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HomeAutomotiveLack of Charging Infrastructure Pushes Shoppers Back to Hybrids.

Lack of Charging Infrastructure Pushes Shoppers Back to Hybrids.

Hybrid car sales this year will surpass those of the pre-Tesla EV market, which was long believed to be extinct.

2024 has begun with declining sales of battery-powered vehicles, following a sharp decline in demand for electric vehicles in the second part of the previous year. According to JD Power, fewer buyers are thinking about electric cars (EVs) for their next automobile, with the primary deterrent being a lack of access to infrastructure for charging EVs.

Here’s where hybrids are coming into their own. There is growing interest in these cars, which are available as plug-in models or as hybrids that require no external charging, as a new generation of environmentally conscious consumers becomes more pragmatic.

In February, sales figures for brands that have shifted toward hybrid vehicles were better. For instance, Toyota reported an 84% rise in sales of EVs and hybrids. The Japanese carmaker has faced criticism in the past for its pledge to expand its array of hybrid vehicles, despite the fact that it now only offers one electric vehicle for sale in the US.

However, Toyota in particular has had success recently in its risk of putting EVs on the back burner.

Following the company’s sales figures announcement last week, David Christ, the sales leader for Toyota Motor North America, told Automotive News, “Hybrids are just rockin’.”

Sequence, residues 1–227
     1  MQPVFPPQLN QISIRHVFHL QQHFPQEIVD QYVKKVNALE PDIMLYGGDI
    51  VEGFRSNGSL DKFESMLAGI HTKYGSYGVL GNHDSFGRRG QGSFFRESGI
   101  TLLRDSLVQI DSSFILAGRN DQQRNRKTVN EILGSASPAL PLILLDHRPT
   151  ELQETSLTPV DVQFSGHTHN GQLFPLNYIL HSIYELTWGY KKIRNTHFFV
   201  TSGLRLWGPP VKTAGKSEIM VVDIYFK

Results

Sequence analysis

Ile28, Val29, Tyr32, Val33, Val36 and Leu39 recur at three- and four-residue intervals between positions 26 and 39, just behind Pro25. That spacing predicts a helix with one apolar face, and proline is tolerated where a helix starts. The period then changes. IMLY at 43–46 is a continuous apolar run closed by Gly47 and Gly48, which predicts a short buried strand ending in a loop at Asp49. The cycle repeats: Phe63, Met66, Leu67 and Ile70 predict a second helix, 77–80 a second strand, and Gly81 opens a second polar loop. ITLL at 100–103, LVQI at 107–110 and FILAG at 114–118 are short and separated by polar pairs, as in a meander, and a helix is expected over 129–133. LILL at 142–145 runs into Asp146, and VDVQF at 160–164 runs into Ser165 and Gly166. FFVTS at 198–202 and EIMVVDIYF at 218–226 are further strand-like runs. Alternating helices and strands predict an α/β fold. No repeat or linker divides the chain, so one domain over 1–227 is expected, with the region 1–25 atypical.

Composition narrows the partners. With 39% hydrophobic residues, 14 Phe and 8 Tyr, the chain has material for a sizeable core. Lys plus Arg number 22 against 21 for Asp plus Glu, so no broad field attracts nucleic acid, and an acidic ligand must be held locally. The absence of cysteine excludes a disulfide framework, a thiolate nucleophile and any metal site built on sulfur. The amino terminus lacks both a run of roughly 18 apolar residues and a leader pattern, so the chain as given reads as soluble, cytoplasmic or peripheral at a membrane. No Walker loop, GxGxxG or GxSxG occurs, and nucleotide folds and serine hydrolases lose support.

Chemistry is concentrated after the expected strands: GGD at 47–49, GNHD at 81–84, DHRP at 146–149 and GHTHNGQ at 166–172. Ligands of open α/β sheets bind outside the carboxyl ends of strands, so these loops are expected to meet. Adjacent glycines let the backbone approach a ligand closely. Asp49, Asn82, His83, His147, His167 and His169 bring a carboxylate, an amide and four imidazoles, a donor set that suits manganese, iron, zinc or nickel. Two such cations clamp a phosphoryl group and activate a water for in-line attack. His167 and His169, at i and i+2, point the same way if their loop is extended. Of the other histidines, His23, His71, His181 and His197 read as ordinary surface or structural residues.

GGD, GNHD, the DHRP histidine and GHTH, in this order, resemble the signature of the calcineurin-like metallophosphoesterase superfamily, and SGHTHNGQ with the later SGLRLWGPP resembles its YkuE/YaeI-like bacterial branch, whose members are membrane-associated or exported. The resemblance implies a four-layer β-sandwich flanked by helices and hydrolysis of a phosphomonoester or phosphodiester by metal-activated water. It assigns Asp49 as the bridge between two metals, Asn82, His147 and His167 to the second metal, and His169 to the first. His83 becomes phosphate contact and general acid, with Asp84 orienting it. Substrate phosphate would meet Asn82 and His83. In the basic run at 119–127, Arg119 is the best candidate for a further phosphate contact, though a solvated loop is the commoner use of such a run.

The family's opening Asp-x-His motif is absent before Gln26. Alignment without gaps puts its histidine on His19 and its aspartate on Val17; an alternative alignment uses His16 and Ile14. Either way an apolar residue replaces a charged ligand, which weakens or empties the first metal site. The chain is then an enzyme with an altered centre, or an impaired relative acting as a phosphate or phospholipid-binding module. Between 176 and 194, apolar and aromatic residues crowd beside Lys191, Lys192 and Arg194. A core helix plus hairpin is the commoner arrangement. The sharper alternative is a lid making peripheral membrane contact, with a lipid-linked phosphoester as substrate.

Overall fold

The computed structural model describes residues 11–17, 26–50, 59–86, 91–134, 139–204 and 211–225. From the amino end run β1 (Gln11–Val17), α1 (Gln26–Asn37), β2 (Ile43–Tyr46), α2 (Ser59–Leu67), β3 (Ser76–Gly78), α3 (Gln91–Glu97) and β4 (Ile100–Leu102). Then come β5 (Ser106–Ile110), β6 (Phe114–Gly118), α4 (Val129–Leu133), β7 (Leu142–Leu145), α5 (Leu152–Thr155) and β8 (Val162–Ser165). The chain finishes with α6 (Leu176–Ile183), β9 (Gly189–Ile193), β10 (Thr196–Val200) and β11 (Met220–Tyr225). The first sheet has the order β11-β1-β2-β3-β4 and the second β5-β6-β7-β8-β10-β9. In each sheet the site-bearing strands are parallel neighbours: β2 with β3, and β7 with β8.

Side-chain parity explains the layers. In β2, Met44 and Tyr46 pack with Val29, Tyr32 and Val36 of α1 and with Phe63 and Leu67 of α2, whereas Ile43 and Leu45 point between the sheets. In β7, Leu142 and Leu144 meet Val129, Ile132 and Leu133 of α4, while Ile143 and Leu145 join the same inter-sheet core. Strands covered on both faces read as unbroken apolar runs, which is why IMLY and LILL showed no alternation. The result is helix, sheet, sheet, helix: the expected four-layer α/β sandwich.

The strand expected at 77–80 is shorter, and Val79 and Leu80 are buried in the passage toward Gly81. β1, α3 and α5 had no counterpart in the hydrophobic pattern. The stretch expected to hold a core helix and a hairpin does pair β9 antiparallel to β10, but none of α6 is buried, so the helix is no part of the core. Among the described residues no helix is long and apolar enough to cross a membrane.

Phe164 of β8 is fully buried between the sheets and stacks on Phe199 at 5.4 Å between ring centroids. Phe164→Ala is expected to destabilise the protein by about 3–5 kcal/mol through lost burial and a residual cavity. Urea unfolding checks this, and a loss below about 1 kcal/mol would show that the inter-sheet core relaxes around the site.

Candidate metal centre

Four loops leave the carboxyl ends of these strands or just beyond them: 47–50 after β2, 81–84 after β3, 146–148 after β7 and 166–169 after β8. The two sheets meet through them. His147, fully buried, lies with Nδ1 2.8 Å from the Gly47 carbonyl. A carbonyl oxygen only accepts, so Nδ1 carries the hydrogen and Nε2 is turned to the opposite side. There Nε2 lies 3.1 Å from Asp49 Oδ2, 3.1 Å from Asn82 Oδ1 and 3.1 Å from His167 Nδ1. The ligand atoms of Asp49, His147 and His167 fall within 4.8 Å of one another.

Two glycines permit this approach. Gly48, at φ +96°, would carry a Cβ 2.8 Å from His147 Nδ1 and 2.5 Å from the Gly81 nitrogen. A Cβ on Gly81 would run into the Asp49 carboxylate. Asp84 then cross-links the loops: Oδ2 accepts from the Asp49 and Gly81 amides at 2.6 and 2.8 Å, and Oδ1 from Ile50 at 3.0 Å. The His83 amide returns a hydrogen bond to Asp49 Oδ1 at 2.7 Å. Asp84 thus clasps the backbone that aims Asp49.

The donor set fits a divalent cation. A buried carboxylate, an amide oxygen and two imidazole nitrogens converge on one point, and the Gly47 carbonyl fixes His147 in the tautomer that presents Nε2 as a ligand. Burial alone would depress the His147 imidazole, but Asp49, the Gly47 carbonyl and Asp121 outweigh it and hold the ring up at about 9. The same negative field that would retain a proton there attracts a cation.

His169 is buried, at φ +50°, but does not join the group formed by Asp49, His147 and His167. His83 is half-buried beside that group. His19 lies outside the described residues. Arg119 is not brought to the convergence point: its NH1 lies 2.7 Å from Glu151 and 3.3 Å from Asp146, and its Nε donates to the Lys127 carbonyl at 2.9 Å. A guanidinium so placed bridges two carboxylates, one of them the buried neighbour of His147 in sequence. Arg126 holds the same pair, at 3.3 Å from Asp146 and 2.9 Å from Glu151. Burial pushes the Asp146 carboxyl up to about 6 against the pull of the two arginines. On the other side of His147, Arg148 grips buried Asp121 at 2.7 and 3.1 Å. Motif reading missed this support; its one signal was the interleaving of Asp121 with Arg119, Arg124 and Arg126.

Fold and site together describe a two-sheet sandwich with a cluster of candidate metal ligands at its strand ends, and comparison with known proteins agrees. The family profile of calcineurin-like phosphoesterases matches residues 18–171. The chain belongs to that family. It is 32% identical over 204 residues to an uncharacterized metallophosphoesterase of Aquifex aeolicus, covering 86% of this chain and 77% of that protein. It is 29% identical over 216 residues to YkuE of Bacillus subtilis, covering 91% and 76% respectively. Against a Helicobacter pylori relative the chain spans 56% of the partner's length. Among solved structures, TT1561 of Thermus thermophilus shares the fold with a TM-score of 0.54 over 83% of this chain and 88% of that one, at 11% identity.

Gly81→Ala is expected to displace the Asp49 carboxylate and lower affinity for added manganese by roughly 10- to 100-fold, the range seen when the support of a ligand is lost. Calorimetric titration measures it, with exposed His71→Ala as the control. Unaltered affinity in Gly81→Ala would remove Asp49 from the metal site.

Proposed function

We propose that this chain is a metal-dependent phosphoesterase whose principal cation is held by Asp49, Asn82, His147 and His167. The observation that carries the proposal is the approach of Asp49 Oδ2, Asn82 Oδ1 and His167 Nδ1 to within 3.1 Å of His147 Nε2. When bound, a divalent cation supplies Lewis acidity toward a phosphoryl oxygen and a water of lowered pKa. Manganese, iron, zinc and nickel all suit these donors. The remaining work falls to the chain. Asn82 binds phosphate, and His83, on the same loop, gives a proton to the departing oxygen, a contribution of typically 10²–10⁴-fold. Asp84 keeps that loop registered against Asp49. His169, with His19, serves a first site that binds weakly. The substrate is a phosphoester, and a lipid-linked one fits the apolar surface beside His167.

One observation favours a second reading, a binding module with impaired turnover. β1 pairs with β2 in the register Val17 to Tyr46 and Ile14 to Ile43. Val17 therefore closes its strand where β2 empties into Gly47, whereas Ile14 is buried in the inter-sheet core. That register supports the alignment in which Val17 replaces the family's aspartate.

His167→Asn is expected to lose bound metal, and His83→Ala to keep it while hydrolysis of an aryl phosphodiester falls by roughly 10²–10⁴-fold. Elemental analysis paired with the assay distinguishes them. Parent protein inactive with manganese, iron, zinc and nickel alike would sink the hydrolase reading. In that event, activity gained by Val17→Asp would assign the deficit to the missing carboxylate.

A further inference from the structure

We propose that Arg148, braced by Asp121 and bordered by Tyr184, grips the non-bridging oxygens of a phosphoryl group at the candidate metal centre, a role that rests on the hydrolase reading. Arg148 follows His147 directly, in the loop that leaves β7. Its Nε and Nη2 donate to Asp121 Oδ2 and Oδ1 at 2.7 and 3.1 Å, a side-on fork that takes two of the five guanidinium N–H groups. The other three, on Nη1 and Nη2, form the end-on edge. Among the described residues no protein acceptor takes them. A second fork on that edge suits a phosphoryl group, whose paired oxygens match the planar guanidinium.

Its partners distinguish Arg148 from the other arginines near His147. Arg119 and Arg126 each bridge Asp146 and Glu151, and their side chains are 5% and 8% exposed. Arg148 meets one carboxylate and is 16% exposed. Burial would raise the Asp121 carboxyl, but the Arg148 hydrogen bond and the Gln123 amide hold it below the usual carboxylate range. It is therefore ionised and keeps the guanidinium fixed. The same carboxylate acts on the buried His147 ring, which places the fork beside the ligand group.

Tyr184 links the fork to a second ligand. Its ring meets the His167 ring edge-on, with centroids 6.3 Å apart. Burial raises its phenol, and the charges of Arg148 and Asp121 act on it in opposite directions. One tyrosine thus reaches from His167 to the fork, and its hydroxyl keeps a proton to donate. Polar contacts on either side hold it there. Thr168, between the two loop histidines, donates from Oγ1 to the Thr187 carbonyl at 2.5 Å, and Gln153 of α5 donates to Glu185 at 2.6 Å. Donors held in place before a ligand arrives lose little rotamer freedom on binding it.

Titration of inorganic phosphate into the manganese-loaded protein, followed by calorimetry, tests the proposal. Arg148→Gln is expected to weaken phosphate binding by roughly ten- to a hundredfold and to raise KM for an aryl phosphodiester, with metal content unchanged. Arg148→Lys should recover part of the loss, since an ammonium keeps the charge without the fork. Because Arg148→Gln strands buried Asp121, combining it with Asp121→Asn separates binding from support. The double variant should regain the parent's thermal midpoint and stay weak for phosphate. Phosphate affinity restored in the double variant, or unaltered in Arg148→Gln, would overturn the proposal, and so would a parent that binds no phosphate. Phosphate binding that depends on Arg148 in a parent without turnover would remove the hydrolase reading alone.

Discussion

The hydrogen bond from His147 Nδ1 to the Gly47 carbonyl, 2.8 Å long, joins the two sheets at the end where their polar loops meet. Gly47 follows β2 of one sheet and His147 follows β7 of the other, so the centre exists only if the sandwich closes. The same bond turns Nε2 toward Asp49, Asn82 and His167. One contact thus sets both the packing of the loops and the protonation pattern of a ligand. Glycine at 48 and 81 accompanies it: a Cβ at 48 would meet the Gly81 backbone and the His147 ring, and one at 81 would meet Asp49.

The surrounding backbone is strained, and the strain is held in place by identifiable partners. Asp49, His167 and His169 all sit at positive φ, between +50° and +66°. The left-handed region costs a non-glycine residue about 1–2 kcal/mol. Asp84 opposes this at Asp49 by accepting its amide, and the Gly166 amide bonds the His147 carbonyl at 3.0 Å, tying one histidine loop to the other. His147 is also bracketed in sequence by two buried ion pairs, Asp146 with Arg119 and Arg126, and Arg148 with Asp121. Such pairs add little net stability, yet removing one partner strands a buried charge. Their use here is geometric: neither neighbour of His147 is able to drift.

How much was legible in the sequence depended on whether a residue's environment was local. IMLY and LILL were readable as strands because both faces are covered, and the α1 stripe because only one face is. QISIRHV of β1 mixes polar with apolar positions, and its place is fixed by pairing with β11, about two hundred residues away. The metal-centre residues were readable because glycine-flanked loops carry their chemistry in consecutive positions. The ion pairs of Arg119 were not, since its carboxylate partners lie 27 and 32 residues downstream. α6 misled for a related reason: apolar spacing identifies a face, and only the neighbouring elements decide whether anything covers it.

One of the hybrid vehicles that is more common on dealer lots is the SUV Toyota RAV4. Both gas-powered and hybrid engine options are available for the SUV; however, Christ informed Automotive News that the hybrid RAV4 is currently in low supply.

Due in large part to the increased demand for hybrid cars among American brands, Ford saw a 31.5% increase in hybrid sales.

These early 2024 results are encouraging for businesses like Ford and Toyota, which gambled on hybrids while rivals focused more on electric vehicles.

Freedom of choice is a top priority at this stage of the switch to electric vehicles, according to Jim Baumbick of Ford, vice president of product development operations and quality, who spoke with Business Insider.

“What excites us is bringing new customers to the brand,” he said, regardless of whether a client leaves in an electric vehicle or a hybrid.


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